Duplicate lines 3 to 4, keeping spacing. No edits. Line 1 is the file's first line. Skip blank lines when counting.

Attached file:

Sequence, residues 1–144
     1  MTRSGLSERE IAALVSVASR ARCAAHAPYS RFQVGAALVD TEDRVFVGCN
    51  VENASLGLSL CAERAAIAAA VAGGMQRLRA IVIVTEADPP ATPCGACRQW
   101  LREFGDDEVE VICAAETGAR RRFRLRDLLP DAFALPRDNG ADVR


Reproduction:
    51  VENASLGLSL CAERAAIAAA VAGGMQRLRA IVIVTEADPP ATPCGACRQW
   101  LREFGDDEVE VICAAETGAR RRFRLRDLLP DAFALPRDNG ADVR